I recently worked my way though a difficult and probably all too common yoga injury: very sore, achy wrists, sometimes accompanied by mild shooting pain-like sensations all the way up my forearms. Clearly, something was not right in my practice or in my body, so I made some serious modifications to my practice and started paying a lot more attention to alignment in certain poses.
A surprising number of people approached me during my battle with this injury to ask me about my modifications and to tell me about their own problems with wrist pain, soreness, etc. My sense is that quite a few yogis who practice regularly eventually suffer from some kind of wrist ailment. I’ll try to share some details of my own experience, for whatever that might be worth to others suffering from similar injuries. (Of course, I am not a doctor, so my comments here shouldn’t be taken as instructions on how to deal with your own personal case, no matter how similar it may be to my own. If you do have soreness or pain in your wrists or forearms, seek professional advice. For starters, you can check out these handy tips on this very topic written by an MD over at Yoga Journal.)
The first modification I made was to use a wedge at the top of my mat, angled away from me. The wedge is supposed to be placed under the mat (otherwise it will slip away) and is supposed to alleviate pressure on the wrists by allowing you to take Down-Dog, Plank, and other poses without fully bending the wrist joint. Personally, I didn’t find this modification helpful at all, and trying to keep the dang wedge in place underneath the mat was too much of a hassle.
The next modification I made that was actually quite helpful was to make fists with my hands when doing Plank, Chaturanga, and Up-Dog. This allowed me to do vinyasas without bending the wrists at all. I think it may have also helped to strengthen my forearms. In fact, I liked this modification so much that I sometimes still throw it into my practice.
Another modification that was helpful to me was doing Down-Dog on my fingertips. This helped to strengthen the subtle muscles in the fingers and hands, and probably was also helpful in that my wrists did not need to bend at all in Down-Dog. You can’t really do vinyasas like this, though, so I used this modification mostly when resting in Down-Dog, not during an active asana sequence.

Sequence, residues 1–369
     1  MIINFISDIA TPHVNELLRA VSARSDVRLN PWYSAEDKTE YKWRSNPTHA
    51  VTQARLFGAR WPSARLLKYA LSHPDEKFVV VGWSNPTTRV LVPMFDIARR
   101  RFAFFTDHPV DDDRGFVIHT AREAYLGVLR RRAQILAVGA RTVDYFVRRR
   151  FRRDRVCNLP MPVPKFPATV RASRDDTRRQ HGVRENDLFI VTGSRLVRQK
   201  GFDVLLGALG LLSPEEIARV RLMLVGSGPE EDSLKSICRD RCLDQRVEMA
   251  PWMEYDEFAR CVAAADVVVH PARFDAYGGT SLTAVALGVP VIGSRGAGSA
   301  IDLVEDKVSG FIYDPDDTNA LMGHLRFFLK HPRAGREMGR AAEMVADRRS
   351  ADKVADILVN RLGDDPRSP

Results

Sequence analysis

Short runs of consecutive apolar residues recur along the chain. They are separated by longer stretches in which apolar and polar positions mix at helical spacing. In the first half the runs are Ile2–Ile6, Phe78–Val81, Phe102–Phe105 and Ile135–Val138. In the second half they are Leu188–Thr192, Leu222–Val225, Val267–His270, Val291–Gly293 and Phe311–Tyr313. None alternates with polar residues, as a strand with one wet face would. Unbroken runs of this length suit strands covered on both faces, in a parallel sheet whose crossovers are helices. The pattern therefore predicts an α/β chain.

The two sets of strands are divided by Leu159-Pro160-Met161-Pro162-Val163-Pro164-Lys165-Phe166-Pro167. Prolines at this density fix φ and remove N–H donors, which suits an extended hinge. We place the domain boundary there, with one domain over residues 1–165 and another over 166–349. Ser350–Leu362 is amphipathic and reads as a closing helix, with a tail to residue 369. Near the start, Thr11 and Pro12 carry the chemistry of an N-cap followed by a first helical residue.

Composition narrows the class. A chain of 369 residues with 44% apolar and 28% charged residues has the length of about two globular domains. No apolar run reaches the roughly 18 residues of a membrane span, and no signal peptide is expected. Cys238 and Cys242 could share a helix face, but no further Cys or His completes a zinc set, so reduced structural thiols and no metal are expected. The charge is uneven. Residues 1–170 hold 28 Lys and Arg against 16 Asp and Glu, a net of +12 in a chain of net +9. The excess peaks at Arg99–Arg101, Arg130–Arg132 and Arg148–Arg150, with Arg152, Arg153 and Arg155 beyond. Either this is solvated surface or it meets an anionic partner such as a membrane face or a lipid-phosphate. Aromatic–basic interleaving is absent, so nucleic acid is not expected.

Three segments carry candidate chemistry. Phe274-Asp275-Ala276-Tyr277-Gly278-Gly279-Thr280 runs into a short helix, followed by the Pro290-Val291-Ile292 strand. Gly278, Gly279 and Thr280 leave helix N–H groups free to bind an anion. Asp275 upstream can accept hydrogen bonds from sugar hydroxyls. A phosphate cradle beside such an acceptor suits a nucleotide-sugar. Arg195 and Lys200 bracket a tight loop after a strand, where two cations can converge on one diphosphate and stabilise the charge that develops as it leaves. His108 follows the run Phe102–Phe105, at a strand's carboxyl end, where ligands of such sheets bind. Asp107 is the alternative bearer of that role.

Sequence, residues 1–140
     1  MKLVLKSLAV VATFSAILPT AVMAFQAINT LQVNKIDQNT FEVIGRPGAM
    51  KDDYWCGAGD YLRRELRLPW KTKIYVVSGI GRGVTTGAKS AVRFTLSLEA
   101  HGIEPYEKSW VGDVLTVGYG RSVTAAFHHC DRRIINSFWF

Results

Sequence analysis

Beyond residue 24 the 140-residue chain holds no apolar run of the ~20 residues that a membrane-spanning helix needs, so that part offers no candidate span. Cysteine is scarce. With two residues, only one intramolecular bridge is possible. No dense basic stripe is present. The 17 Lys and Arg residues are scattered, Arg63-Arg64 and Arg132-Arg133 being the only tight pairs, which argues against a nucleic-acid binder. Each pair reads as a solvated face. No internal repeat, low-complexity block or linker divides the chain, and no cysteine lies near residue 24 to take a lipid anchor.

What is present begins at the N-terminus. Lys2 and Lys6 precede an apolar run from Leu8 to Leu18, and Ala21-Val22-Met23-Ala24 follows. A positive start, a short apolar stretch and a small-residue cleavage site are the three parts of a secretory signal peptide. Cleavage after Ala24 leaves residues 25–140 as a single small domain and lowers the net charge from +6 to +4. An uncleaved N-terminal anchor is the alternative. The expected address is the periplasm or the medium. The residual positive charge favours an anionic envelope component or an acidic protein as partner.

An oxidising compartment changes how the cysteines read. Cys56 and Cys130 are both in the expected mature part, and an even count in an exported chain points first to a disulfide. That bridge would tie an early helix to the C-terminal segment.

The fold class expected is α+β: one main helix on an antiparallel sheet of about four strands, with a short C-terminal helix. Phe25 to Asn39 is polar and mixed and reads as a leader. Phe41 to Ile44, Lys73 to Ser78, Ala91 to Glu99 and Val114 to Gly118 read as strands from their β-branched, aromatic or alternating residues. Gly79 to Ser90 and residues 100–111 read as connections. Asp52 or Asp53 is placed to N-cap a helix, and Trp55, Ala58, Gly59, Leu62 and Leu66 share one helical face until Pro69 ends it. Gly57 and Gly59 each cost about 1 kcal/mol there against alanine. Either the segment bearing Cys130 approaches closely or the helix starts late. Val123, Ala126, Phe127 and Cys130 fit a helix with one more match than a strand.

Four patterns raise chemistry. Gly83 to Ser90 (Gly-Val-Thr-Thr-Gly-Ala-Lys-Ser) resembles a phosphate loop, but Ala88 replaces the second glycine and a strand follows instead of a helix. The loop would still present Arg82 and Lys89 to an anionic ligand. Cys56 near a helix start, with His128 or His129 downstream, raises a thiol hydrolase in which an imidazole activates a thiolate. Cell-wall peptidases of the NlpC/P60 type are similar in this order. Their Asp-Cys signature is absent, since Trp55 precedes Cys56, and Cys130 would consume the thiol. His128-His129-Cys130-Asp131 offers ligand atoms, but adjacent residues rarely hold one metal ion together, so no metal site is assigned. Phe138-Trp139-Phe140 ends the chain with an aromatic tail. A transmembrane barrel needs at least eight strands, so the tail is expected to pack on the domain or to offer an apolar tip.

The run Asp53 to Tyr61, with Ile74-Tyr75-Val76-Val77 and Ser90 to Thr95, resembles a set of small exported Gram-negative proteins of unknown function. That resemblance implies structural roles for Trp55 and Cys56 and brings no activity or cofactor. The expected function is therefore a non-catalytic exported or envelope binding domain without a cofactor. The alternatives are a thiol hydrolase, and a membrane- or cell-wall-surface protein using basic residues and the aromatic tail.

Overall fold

Another great modification for me was to drop onto my forearms in Down-Dog, coming into what is otherwise known as Dolphin Pose. You can also do Plank on your forearms. A nice side benefit of doing these poses on the forearms was that my shoulders started to open up considerably. Also, I think I started to build strength in places that were perhaps being neglected by my normal practice.
In terms of alignment, there were three things in particular that I started paying a lot more attention to. First, and most importantly, I started to pay close attention to my elbows when lowering from Plank to Chaturanga. Most people, including myself, tend to let their elbows splay outwards when they lower into Chaturanga, and the tendency to do this becomes more pronounced the faster one moves through a vinyasa and the more tired one is as the practice wears on. The reason, I suspect, that you don’t want to allow the elbows to stick out is that this puts undue pressure on the outer wrists. (For more on Chaturanga, check out my recent posting on this asana.)
A similar issue comes up for me in lowering down from Handstand into Chaturanga. If you can do a freestanding Handstand (i.e. without the aid of a wall or another person), and you’ve ever tried lowering down to Chaturanga, you have a good idea of the tremendous amount of pressure being transferring into and through your wrists when you are making the transition. In Handstand, your entire bonestructure is helping to bear the weight. As soon as you start lowering yourself down, however, this gets all thrown out of whack, and, I suspect, a lot more pressure is borne directly by your hands and wrists. It is especially imporant then to keep the elbows from splaying out when making this transition. This applies to any similar transitions (e.g. lowering from Handstand into Bakasana, lowering from Scorpion II into Gandha Bherundasana, etc.).
As my doctor reminded me, our wrists, shoulders, and elbows are not evolutionarily evolved to bear our entire body weight. They are designed better for hanging (from tree branches, for instance), so when we do yoga and incorporate an excessive number of arm balances and inversions into our practice, we tax our bodies in ways that they are just not meant to handle. I think this is a good example of when it is good to “listen to your body.” Working through such a debilitating injury to my wrist has really been a humbling experience for me, and it has encouraged me to be more balanced in my own personal practice.
Disclaimer: I am not a certified yoga instructor, and the ideas and opinions expressed here are not intended to be formal instruction on yoga poses. If you plan to start up a yoga practice, or if you have one and plan to do any of the yoga poses described in this blog, please seek out an experienced, living, breathing yoga teacher to guide you with hands-on instruction.